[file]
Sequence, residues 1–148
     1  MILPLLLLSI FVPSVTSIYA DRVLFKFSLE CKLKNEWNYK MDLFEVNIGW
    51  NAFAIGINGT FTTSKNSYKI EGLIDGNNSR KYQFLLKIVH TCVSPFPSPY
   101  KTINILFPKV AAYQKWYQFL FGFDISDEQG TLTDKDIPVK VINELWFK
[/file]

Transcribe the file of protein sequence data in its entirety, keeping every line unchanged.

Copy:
Sequence, residues 1–148
     1  MILPLLLLSI FVPSVTSIYA DRVLFKFSLE CKLKNEWNYK MDLFEVNIGW
    51  NAFAIGINGT FTTSKNSYKI EGLIDGNNSR KYQFLLKIVH TCVSPFPSPY
   101  KTINILFPKV AAYQKWYQFL FGFDISDEQG TLTDKDIPVK VINELWFK